Why Is the Mexican Peso Getting Stronger in 2023?

Mexico’s currency has been appreciating consistently since mid-2020, making it one of the strongest among emerging markets over the last three years

Peso mexicano

Mexico City — The Mexican peso has been appreciating consistently since mid-2020, making it one of the strongest currencies among emerging markets over the last three years. Most of the peso’s stellar performance can be attributed to external factors, including the country’s nearshoring boom and soaring remittances. However, on the domestic front, analysts have also pointed to a healthy fiscal position.

While the American currency has continued to weaken in 2023 and currently trades below the MXN$17 threshold, the lowest three years, many analysts have been anticipating a rebound for the greenback during the second half of 2023.

In fact, a Citibanamex analyst survey this month pointed to an exchange rate of MXN$17.95 per greenback by the end of the year. That would imply a 5.5% depreciation from its price of MXN$17 at the start of August. According to Blackrock, the reversal of a three-year long trend of appreciation for the peso is set to begin as soon as Banco de México (Banxico) starts cutting rates.

It’s worth noting that Banxico has remained tight-lipped as to when that might be.


To be sure, the Mexican peso has flexed its muscles so far this year, rising almost 14% against the greenback. That makes it the second-best performing currency in Latin America after the Colombian peso, which has risen more than 15%. What’s driving the US dollar’s weakness in Mexico?

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Why is the Mexican Peso Appreciating?

Several analysts have shed light on peso’s upward trajectory. Among the main arguments, especially in recent months, is the rate spread between Banxico and the US Federal Reserve’s key rates, which currently stands at 575 basis points, cementing investors’ appetite for peso-denominated assets.

It’s also worth noting that, due to the Mexican economy’s strong ties to the United States, the value of the peso is particularly tethered to macroeconomic indicators north of the border, including benchmark interest rates.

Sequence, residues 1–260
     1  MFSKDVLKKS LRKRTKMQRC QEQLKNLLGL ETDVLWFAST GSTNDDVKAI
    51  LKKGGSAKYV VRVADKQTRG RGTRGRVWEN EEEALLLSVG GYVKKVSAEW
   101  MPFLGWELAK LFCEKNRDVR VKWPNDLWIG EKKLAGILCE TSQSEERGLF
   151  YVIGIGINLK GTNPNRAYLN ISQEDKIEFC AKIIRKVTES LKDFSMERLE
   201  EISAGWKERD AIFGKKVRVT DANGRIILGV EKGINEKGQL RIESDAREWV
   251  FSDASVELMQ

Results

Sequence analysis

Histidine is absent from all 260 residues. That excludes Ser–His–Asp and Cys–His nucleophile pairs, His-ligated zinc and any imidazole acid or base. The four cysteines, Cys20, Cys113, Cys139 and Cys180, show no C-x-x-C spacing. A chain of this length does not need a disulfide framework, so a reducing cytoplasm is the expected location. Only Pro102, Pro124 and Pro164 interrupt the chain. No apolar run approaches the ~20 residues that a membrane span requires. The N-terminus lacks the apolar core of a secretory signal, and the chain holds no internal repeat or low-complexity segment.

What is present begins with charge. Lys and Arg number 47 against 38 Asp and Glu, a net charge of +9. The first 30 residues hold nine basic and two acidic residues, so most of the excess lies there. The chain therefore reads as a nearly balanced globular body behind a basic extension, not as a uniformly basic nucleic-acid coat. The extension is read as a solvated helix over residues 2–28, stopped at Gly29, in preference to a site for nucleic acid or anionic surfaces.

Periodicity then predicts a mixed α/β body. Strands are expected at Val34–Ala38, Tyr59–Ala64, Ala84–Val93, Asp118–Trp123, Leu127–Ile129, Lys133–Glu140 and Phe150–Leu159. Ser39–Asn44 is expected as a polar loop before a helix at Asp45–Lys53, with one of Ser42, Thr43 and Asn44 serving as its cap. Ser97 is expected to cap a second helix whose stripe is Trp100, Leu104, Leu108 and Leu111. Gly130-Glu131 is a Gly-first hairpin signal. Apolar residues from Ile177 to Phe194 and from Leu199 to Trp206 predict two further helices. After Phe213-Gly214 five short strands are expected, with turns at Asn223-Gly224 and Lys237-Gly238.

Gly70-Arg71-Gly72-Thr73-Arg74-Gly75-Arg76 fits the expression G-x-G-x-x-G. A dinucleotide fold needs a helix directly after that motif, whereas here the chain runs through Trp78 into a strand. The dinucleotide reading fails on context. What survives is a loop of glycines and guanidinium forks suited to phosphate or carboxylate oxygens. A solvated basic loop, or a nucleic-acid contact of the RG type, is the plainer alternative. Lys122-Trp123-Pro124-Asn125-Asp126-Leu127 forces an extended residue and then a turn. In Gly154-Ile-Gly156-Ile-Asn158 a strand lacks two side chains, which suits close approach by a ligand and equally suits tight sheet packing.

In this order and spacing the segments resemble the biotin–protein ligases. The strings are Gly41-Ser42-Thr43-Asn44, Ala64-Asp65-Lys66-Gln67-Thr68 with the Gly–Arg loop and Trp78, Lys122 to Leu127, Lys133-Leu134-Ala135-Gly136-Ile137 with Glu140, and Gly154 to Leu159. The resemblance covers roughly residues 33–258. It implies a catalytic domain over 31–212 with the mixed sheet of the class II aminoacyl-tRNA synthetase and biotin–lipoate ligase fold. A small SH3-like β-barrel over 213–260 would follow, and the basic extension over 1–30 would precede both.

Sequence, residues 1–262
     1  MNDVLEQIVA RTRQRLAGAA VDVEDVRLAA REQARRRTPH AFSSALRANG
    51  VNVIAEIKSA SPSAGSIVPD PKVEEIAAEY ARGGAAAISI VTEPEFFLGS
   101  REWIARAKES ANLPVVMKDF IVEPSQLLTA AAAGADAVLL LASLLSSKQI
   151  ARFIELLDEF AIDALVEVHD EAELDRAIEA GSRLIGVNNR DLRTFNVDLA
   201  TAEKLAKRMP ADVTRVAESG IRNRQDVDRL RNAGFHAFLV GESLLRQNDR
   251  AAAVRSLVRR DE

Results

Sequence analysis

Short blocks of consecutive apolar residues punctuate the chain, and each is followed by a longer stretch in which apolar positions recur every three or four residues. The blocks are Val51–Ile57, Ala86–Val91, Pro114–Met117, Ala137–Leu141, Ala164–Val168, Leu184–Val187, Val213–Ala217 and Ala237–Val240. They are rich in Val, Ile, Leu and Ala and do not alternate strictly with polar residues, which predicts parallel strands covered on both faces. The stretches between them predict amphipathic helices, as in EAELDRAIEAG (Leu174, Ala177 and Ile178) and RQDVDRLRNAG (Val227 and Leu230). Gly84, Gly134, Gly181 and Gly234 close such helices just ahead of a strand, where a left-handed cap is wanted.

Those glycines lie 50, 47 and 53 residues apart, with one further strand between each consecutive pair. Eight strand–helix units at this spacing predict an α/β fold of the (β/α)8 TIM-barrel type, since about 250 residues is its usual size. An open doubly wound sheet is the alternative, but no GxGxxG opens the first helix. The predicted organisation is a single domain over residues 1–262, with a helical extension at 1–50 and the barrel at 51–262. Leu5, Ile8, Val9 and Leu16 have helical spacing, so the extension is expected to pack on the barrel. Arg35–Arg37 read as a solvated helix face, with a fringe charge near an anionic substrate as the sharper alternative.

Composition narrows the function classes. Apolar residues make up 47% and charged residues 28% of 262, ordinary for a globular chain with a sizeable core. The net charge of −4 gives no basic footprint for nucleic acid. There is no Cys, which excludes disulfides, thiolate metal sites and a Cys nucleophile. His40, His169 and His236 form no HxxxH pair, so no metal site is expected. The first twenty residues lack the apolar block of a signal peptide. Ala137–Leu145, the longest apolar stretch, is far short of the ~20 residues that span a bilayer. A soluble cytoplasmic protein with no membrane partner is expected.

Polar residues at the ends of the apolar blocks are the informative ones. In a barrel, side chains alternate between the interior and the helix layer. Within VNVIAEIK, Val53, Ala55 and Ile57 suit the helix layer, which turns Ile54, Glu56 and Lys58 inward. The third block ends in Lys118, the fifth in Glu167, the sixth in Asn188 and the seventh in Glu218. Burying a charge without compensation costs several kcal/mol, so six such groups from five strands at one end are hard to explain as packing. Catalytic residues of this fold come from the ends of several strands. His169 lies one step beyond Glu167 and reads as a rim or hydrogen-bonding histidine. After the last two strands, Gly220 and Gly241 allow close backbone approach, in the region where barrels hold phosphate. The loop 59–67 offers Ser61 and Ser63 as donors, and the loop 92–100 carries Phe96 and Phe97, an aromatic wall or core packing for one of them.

Although dollar inflows via exports are still playing a role in strengthening the Mexican peso, the state-owned company Pemex has been implementing a strategy to cease crude oil exports by 2024.

While crude oil prices surged to $100 per barrel following Russia’s invasion of Ukraine, they have since tumbled to approximately $80. However, it’s crucial to note that while Mexico is a leading oil producer in Latin America, these fluctuations do not have a major impact on the exchange rate in the country.

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The Mexican Peso’s Tango with the US Dollar

The performance of the Mexican peso is intricately tied to the US dollar. When the US dollar weakens, the peso strengthens, implying an inverse relationship.

One significant factor to be considered in that relationship is the US Federal Reserve’s interest rates path, as it deals with inflationary pressures. As mentioned, the value of the Mexican peso is hinged on the interest rate spread between the Bank of Mexico and the Federal Reserve, which currently stands at 600 basis points. While Mexico’s benchmark sits at 11.25%, the US’ key rates are between 5.00% and 5.25%.


This interest rate gap heightens the appeal of investing in peso-denominated assets, particularly bonds.

Priscila Robledo, an economist at Fintual, emphasized, “It makes it somewhat easier for Banxico [Bank of Mexico] to reduce inflation and might encourage them to carry out greater rate cuts at the end of the year,” speaking to Bloomberg Línea earlier this year.

Dollar Weakness Due to Remittances

The Mexican peso’s performance is also intricately linked to the influx of dollars through remittances, which workers send to their families mainly from the United States. According to BBVA Research, remittances rose for 38 consecutive months through to June this year, closing the first half of 2023 at $30.2 billion, or 9.9% more than the same six months of 2022.


These remittances are a direct result of economic growth in the US, as well as stimulus spending from the American government during the pandemic.

Keeping an Eye on Regional Political Scenarios

Investors also closely monitor the political landscape throughout the region, as exemplified by cases of heightened uncertainty in both Brazil, Colombia and Peru during 2023, mainly in relation to social protests and discord among political leaders.

Nearshoring Boom

The pandemic also ushered in changes in various processes that make up the Mexican economy. Several multinational companies have decided to relocate their manufacturing plants from China to Mexico, particularly in the northern region of the country. Known as nearshoring, this trend has garnered considerable attention from investors. Mexico’s proximity to the US implies a high potential for savings in terms of transportation and labor costs.

Analysts at Monex previously disclosed to Bloomberg Línea that nearshoring would reshape the Mexican economy through increased investment. Janneth Quiroz, Deputy Director of Analysis at Monex, remarked, “We have reports indicating a high demand for land and permits at the border. Perhaps in a scenario where interest rates are high, relocation may be more costly, but in the end, it will happen.”

— With assistance from Daniel Salazar Castellanos